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lana
25-10-2006, 07:21 AM
Hi everybody,

I am asked to design a water chiller to cool water with temp. of 40C which flows constantly with low flow rate.
I think that with one chiller this would be a problem because of high entering temp.
I want to use two chillers with one heat exchanger in between, i.e. cold water from the first chiller goes into a plate heat exchanger then cools the 40C water to 15C then this cooled water enters the second chiller.
Any comment will be appreciated.

Cheers.:)

NoNickName
25-10-2006, 08:31 AM
What is the expected leaving water temperature?

taz24
25-10-2006, 10:58 AM
Hi everybody,

I am asked to design a water chiller to cool water with temp. of 40C which flows constantly with low flow rate.
I think that with one chiller this would be a problem because of high entering temp.
I want to use two chillers with one heat exchanger in between, i.e. cold water from the first chiller goes into a plate heat exchanger then cools the 40C water to 15C then this cooled water enters the second chiller.
Any comment will be appreciated.

Cheers.:)


Flow rate, voluum of water and end temp are all critical to working out the size you need.
They way you explain would work, taking the temp down in stages. one system correctly sized would do it alsoit literaly is horses for courses.

Cheers taz.

vijay_study
25-10-2006, 12:05 PM
Hi Lana,

If your assuming that 40deg C is Dry bulb temperature. If you can get 30 to 32 deg C of wet bulb temperature then it would be a better option to go for a cooling tower rather than a chiller !

Regards

Vijay Kumar
HVAC Engineer

Peter_1
25-10-2006, 05:16 PM
Why you think an entering temperature of 40C with a chiller in a counterflow setup will give problems?
The only thing the warm entering water will do is raise the SH, not necessarily the evaporating pressure.
NoNickName is the best person to judge this.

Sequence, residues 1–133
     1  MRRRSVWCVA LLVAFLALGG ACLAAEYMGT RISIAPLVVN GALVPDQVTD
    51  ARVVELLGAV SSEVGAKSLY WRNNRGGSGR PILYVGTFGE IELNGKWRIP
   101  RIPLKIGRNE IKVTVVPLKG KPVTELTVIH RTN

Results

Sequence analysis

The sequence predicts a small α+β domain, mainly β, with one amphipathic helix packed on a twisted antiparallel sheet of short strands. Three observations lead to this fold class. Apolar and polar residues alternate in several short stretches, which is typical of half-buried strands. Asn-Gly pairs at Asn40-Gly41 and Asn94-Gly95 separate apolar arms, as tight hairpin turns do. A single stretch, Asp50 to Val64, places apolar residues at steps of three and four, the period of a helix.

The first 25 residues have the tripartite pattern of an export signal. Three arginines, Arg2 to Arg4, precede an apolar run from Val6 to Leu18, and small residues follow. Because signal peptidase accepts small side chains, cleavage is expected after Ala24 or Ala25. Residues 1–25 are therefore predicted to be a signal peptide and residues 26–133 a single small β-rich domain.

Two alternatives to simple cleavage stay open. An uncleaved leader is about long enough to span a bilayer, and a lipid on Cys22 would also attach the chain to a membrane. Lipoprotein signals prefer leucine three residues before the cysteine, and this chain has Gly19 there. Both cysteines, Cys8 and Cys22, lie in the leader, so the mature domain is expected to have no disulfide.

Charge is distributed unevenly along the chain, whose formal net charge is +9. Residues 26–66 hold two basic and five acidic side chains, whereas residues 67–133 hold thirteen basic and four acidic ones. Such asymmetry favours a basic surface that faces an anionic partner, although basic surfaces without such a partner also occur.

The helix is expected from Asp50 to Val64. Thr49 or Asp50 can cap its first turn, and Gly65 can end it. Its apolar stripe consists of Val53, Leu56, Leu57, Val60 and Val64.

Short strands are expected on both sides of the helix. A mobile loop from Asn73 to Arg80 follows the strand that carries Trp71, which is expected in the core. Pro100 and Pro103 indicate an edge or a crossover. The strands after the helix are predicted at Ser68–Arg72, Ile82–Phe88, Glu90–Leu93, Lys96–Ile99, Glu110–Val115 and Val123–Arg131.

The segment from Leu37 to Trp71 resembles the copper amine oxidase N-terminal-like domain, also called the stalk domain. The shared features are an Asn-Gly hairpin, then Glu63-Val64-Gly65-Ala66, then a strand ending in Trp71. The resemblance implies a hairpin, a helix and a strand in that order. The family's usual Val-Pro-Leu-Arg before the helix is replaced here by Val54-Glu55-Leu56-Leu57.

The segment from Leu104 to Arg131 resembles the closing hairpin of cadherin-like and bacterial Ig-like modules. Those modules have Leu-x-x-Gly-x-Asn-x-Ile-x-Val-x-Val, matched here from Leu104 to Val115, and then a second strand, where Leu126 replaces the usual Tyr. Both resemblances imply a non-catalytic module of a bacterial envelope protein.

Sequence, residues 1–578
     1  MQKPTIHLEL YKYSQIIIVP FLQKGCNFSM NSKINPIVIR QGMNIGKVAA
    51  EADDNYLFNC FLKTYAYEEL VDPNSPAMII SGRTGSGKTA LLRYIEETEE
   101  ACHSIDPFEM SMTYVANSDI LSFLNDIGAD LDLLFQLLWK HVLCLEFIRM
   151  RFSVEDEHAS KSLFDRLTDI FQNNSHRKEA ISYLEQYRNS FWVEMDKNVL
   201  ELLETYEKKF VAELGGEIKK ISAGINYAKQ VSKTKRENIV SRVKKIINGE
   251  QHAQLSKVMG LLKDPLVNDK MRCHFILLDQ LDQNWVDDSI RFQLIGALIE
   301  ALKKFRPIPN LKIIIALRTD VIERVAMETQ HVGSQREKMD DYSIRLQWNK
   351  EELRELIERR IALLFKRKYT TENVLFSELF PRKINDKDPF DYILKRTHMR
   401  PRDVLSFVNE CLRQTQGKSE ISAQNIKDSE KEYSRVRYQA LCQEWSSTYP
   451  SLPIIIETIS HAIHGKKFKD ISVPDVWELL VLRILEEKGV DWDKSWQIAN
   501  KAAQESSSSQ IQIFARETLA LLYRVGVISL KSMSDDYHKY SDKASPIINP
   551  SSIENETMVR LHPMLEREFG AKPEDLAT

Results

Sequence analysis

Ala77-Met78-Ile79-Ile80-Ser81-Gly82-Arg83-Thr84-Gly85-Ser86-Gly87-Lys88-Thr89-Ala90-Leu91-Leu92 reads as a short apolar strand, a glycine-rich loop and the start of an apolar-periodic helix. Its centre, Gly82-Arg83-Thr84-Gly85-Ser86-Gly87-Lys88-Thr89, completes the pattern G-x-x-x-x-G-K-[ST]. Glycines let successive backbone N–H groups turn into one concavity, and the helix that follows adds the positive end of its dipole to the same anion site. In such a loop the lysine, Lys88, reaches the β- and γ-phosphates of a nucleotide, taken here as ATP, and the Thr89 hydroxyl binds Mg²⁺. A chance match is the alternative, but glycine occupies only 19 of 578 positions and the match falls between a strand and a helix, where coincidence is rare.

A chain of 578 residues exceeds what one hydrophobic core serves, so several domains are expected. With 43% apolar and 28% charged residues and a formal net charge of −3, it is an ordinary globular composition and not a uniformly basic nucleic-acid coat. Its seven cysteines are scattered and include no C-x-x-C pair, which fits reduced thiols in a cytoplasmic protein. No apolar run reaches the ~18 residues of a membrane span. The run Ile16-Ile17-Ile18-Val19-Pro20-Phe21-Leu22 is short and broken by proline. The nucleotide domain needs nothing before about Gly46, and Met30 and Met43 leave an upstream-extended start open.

NoNickName
25-10-2006, 05:39 PM
Why you think an entering temperature of 40C with a chiller in a counterflow setup will give problems?
The only thing the warm entering water will do is raise the SH, not necessarily the evaporating pressure.
NoNickName is the best person to judge this.

I would say to use MOP TXV (or even better: EXV) to limit the SH and numerous baffles in the s&t evaporator.
Nothing is said, though, about the required leaving water temperature.

lana
26-10-2006, 06:20 AM
Thank you all.
The required water temp. is 5 or 7C and the flow rate is 2 lit/min.
There is no way that a cooling tower could be used because of ambient conditions.
I have an experience :( with an air cooler which was supposed to cool 70C steam. There the suction pressure went up (also the SH) and basically there was no way that the TEV could be adjusted to get the required capacity:mad: .
Here I will use plate heat exchangers both for evaporators and the middle HX.

Cheers.:)

NoNickName
26-10-2006, 08:48 AM
40 to 5? What is the application, just for curiosity.

taz24
26-10-2006, 08:51 PM
Thank you all.
The required water temp. is 5 or 7C and the flow rate is 2 lit/min.
There is no way that a cooling tower could be used because of ambient conditions.
I have an experience :( with an air cooler which was supposed to cool 70C steam. There the suction pressure went up (also the SH) and basically there was no way that the TEV could be adjusted to get the required capacity:mad: .
Here I will use plate heat exchangers both for evaporators and the middle HX.

Cheers.:)

Are you using the water to add to flour to mix bread by chance.

Cheers taz.

lana
27-10-2006, 07:09 AM
Hi there,

The cold water is used to cool some kind of high temp. gas in the chamber jacket.

Thanks:)

taz24
28-10-2006, 12:46 PM
Hi there,

The cold water is used to cool some kind of high temp. gas in the chamber jacket.

Thanks:)

In that case, why not cool the gas directly with the primary circuit. Cut out the middle man:)
It would be more efficient to cool the gas directly with the primary system.

Cheers taz.

TXiceman
30-10-2006, 02:14 AM
You can design a unit for 40 dC inlet, but you need to careefully watch the compresssor inlet temperature and it's limits. You can use a run-around loopto temper the water temp entering the chiller. Or use a secondary process loop and a primary chiller loop with a mixing tank to temper the return to the chiler.

Personally, I'd go with the two pump and mixing tank approach to keep it in a standard chiller.

Ken

lana
30-10-2006, 05:10 AM
Hi TXiceman (Ken),


Thank you.